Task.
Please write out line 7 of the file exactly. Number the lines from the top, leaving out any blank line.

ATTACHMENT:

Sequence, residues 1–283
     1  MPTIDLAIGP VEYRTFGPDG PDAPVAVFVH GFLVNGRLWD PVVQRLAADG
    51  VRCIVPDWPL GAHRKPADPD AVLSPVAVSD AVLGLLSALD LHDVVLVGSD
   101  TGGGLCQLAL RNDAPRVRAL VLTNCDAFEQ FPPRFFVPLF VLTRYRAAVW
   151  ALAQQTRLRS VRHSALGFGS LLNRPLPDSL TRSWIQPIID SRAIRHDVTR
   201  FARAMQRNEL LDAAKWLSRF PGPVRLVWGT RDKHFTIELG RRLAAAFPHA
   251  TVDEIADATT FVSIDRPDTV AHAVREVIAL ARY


   251  TVDEIADATT FVSIDRPDTV AHAVREVIAL ARY